Copyright Law Update: Your Copyright Must be Registered Before You can Sue
The US Supreme Court recently issued its opinion Fourth Estate Public Benefit Corp. v. Wall-Street.com, No. 17-571 (US Supreme Court March 4, 2019). The Court reaffirmed the Copyright Act’s requirement that a copyright must be registered before the copyright owner can initiate a lawsuit to protect the copyright. Further, the Court held that the word “registration,” as used in the Copyright Act — 17 U.S.C. §411(a) — means action taken by the Register of Copyrights; not merely the act of completing the application for registration. Fourth Estate Public Benefit Corp. provides needed clarity to copyright law. If you need help with copyright registration or with any other legal needs with respect to intellectual property, an experienced San Diego corporate attorney can provide advice and assistance.
As we have discussed previously, copyrights are an important and valuable component of any business’s intellectual property. Copyrights are mostly governed by federal law, although there is a California copyright law, too. See Cal. Civ. Code §980. Under the Copyright Act of 1976, copyright protection attaches to “original works of authorship,” prominent among them, literary, musical, and dramatic works, “fixed in any tangible medium of expression.” 17 U. S. C. §102(a). Note that the California copyright law protects “… any original work of authorship that is not fixed in any tangible medium of expression …” (emphasis added).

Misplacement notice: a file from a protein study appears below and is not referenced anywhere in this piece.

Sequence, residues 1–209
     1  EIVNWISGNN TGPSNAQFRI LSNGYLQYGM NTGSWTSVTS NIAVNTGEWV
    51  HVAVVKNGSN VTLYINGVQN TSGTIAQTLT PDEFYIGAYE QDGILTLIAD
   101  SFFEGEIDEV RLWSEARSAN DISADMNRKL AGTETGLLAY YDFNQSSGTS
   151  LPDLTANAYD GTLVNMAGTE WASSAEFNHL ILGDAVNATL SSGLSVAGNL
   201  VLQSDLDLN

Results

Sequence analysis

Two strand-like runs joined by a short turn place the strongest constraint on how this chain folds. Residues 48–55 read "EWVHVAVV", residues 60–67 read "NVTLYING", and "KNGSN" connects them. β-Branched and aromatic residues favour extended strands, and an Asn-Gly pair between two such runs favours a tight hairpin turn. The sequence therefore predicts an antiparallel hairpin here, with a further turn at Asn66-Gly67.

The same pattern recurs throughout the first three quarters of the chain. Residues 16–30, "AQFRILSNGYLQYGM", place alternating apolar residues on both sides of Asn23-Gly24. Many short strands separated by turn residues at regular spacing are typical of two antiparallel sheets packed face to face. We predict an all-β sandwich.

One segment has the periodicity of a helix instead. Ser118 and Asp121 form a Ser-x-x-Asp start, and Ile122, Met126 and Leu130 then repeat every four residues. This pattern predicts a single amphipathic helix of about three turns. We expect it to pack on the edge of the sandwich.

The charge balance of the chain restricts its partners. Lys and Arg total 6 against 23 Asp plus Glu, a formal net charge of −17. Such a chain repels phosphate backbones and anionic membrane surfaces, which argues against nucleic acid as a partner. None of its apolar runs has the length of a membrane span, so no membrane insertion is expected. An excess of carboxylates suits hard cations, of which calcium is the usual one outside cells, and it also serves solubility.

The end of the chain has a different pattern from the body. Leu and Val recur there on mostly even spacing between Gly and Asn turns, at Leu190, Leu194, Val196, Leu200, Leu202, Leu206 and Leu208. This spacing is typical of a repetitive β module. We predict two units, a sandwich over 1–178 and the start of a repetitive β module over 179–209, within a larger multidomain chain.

An author of an “original work” obtains his or her copyright automatically and immediately upon completion of a “work.” But, certain other rights such as the right to sue to prevent infringement are not automatic and depend on the author obtaining registration from the Copyright Office. Section 501(b) of the Copyright Act specifically grants a copyright owner the right to institute a civil action for infringement of those exclusive rights protected under copyright law.
There is a limited exception to the rule that a copyright owner must register before starting an infringement lawsuit. There is a procedure for obtaining what is called a “preregistration.” This is of particular importance to us here in Southern California, a thriving community of artists, musicians, and filmmakers. Preregistration is used for just these types of artistic endeavors where a copyright owner is preparing to distribute a work that is vulnerable to predistribution infringement. Movies and songs and the like are vulnerable in this manner. See Copyright Act §408(f)(2). Even for preregistration, there must be some action by the Copyright Office before the copyright owner can sue. Moreover, full registration must still be finalized or the copyright owner risks having his or her case dismissed for failure to perfect the registration. There is a similar exception that protects a live broadcast where a lawsuit can be started before “registration . . . has been made.” See §411(c). But, here again, registration must be perfected within three months of the first broadcast or the case can be dismissed.
Contact San Diego Corporate Law Today
If you need legal advice and services related to registering copyrights or your company’s other intellectual property, call corporate attorney Michael Leonard, Esq., of San Diego Corporate Law. Mr. Leonard was named “best of the bar” four years running by the San Diego Business Journal. To schedule a consultation, contact us via email or call at (858) 483-9200. Like us on Facebook.